In July, three meatpacking workers decided to file a lawsuit against OSHA for unsafe working conditions after they failed to respond to the incident previously. The employees stated that the company has produced an “imminent danger” throughout the plant by inadequately implementing codes and procedures to prevent the spread of COVID-19. Originally filed in May, the suit states that Maid-Rite did not supply workers with appropriate equipment and failed to implement social distancing guidelines during the pandemic. In response, Maid-Rite reported to OSHA that they were not able to maintain a 6 feet distance between workers on the production lines, but they have provided workers with masks, given them staggered breaks, and performed deep cleanings of the plant. As a result, OSHA closed the case. Since then, one person who spoke out against the manufacturer claims that they did not separate unhealthy workers in the plant, and people failed to tell the company that they were sick. In addition, the employee claimed that Maid-Rite provided workers with an incentive to work by providing bonuses to people who did not miss a day of work. According to public health officials, this decision encourages people to work when they are potentially sick. All the evidence described has led workers to go to a federal court in order to receive changes in their current working conditions.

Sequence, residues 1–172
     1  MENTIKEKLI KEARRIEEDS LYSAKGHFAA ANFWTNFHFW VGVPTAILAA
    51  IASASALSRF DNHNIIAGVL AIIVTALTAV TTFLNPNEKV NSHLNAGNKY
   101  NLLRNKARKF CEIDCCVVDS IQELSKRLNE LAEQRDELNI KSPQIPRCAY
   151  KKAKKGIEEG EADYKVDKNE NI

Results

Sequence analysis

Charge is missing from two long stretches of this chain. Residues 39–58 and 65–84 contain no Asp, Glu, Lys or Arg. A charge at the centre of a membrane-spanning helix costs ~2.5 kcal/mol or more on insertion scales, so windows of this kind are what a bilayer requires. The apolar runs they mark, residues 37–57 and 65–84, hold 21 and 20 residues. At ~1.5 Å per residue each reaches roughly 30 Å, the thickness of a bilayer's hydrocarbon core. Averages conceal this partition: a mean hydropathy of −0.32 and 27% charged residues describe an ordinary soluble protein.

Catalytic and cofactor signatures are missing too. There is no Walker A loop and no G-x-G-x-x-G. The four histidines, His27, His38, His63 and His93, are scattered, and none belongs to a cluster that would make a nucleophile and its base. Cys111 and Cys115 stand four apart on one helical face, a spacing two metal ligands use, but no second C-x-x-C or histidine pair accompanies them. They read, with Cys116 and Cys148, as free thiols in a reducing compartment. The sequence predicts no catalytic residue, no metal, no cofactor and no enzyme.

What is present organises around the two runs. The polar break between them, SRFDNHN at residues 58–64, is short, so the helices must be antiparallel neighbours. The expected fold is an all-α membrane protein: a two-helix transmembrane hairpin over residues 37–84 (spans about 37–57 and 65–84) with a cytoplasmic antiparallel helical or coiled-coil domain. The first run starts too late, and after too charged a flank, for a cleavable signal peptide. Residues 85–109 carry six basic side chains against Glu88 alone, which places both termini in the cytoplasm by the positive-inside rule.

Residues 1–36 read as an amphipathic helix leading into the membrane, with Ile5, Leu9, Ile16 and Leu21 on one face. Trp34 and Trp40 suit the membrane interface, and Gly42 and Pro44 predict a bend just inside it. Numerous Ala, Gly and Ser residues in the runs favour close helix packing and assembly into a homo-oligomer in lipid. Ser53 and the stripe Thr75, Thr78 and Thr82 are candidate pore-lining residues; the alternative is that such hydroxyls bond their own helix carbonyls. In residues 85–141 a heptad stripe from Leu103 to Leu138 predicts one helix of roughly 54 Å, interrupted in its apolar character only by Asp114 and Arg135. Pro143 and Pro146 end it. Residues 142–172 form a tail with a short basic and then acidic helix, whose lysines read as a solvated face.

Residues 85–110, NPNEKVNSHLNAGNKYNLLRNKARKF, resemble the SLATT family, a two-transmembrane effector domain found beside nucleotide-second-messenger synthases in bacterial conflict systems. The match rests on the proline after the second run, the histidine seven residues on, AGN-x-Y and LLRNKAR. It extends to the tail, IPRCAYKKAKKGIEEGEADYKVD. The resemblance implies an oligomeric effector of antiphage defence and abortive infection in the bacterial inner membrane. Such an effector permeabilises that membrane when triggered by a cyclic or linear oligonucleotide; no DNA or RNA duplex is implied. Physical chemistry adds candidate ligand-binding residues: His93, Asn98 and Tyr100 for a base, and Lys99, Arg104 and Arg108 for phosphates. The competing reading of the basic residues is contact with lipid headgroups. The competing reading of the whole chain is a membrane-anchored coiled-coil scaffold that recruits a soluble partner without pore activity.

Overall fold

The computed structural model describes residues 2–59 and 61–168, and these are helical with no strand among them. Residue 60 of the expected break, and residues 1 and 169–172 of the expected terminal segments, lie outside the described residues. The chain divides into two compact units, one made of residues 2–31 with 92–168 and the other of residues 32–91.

During this time of crisis, it’s extremely important to understand that COVID-19, if contracted during your course of work, qualifies as a Workers’ Compensation illness.  In other words, if you end up getting the disease, because of a coworker, client, or anyone else you come in contact with during the course of your work day, you may be eligible to receive Workers’ Compensation benefits because of it.  As the information regarding the disease, and how it relates to Workers’ Compensation benefits grows, the demand will too.